Split Income

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Proposals from the Department of Finance on July 18, 2017 included changes to the taxation of split income.

The most common form of split income is income from a dividend from a related entity that is not excluded from being categorized as such.

Prior to 2018, shareholders of privately held companies over the age of 18 could receive dividends from that company without needing to provide additional information to support the dividend amount. Family owned businesses were able to split dividends among non-arms’ length shareholders to take advantage of each shareholders lower income bracket. This resulted in a reduction of the family’s overall tax burden.

The Department of Finance proposals will limit the ability to dividend sprinkle to related shareholders for some businesses. The Department of Finance released revised proposals on December 13, 2017 that were meant to provide guidance on the application of the revised split income rules. These revised proposals set out to treat all dividends from the related business to be split income unless they are specifically excluded under 3 general rules.

1)      Excluded Shares

a)      Owned by individuals age 25 or older

b)      The shares are both 10% or more of the votes and 10 % or more of the value of a corporation

c)       Less than 90% of the corporation’s income is from the provision of services

d)      The corporation is not a PC

2)      Excluded Business

a)      Individual is 18 years or older

b)      Individual was engaged in the business for more than 20 hrs/week during the year or during any 5 previous years. Special rules for seasonal businesses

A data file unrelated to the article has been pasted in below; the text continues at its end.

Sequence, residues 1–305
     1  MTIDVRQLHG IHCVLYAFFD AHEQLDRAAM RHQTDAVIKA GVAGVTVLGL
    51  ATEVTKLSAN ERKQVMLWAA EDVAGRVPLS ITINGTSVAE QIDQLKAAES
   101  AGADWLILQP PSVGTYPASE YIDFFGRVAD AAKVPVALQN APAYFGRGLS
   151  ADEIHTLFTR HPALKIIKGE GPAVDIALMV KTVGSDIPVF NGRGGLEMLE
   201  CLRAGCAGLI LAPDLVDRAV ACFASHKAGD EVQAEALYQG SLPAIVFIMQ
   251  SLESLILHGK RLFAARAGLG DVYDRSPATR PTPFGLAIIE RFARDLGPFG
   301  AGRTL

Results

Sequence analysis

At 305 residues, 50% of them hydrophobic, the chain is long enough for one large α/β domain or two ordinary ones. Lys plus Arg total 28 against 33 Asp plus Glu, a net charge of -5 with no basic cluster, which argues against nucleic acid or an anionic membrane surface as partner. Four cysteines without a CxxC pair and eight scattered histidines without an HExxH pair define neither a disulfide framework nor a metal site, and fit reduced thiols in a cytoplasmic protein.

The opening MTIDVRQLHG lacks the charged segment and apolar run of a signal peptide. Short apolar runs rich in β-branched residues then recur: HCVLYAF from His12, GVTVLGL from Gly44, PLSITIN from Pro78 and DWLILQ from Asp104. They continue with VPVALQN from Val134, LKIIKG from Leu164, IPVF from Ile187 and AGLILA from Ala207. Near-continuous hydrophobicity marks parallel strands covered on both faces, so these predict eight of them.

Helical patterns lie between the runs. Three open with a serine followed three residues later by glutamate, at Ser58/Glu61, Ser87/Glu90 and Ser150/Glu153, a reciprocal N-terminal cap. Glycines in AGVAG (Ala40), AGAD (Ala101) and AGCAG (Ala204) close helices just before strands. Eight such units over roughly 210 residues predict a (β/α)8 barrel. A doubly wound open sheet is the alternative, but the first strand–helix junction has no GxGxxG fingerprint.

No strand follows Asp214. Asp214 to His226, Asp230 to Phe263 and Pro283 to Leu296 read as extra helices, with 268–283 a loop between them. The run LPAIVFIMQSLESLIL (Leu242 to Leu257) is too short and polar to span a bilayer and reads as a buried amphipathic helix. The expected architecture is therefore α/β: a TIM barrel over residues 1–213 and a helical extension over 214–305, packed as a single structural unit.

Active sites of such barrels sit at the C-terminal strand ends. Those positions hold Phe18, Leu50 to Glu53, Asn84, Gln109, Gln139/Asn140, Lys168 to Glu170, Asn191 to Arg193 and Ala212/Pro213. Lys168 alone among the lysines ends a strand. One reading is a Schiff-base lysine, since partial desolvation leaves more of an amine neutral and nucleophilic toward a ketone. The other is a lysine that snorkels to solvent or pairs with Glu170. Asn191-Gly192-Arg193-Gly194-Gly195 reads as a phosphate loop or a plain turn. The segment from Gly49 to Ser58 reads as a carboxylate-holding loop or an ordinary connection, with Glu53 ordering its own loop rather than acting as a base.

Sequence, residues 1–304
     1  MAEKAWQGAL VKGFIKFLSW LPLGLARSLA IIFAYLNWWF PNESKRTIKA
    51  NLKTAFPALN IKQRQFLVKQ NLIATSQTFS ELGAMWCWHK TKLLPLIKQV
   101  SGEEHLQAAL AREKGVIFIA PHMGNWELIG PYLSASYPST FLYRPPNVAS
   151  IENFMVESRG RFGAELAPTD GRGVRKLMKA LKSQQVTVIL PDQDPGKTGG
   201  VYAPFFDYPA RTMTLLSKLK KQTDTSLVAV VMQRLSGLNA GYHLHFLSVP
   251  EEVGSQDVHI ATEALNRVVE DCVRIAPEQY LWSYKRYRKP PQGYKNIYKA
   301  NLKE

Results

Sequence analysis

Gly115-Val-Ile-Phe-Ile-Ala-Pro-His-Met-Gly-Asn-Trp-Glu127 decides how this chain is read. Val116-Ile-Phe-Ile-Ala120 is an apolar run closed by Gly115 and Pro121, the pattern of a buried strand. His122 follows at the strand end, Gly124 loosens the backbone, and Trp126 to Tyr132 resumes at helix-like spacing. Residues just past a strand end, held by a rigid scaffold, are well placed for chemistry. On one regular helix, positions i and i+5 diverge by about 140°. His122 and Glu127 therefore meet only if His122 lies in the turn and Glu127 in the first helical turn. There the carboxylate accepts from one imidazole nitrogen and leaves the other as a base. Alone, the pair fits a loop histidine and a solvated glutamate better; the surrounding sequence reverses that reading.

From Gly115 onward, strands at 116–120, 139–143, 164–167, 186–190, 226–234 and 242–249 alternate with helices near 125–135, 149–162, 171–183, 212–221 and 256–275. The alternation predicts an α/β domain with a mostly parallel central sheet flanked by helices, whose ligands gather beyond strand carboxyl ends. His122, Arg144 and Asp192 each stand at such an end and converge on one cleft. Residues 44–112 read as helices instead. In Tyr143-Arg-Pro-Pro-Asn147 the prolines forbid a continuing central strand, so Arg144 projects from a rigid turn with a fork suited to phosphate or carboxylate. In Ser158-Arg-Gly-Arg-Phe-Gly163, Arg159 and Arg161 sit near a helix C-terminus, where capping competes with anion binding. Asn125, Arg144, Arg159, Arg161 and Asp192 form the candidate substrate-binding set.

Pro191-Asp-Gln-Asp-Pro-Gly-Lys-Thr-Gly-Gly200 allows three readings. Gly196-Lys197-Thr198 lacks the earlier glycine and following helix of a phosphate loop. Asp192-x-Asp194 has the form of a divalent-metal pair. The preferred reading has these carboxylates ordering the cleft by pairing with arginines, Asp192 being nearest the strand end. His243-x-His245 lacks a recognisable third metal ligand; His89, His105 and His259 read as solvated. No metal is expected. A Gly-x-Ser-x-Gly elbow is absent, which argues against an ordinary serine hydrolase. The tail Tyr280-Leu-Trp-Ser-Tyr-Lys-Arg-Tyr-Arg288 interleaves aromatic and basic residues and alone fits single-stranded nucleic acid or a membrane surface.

3)      Retirement Vehicle

a)      Individual is the spouse of the business owner

b)      The business owner is over 65

c)       The owner contributed to the business in a meaningful way

As well, the way the rules presently read many dividends from holding companies would also be considered to be split income.

If the dividend is not excluded from split income, it would be subject to the highest personal tax rates in the hands of the recipient. The highest personal tax rates can exceed 50% in some provinces.

The legislation is set to come into effect in 2018. These proposals will limit the ability of some business owners to split income with non-arms’ length shareholders via the payment of a dividend.

If you would like more information or have any questions, feel free to contact us at 780.466.6204, or click here to send us an email.

Thanks to David Wickenberg of KWB Chartered Professional Accountants for providing this content.

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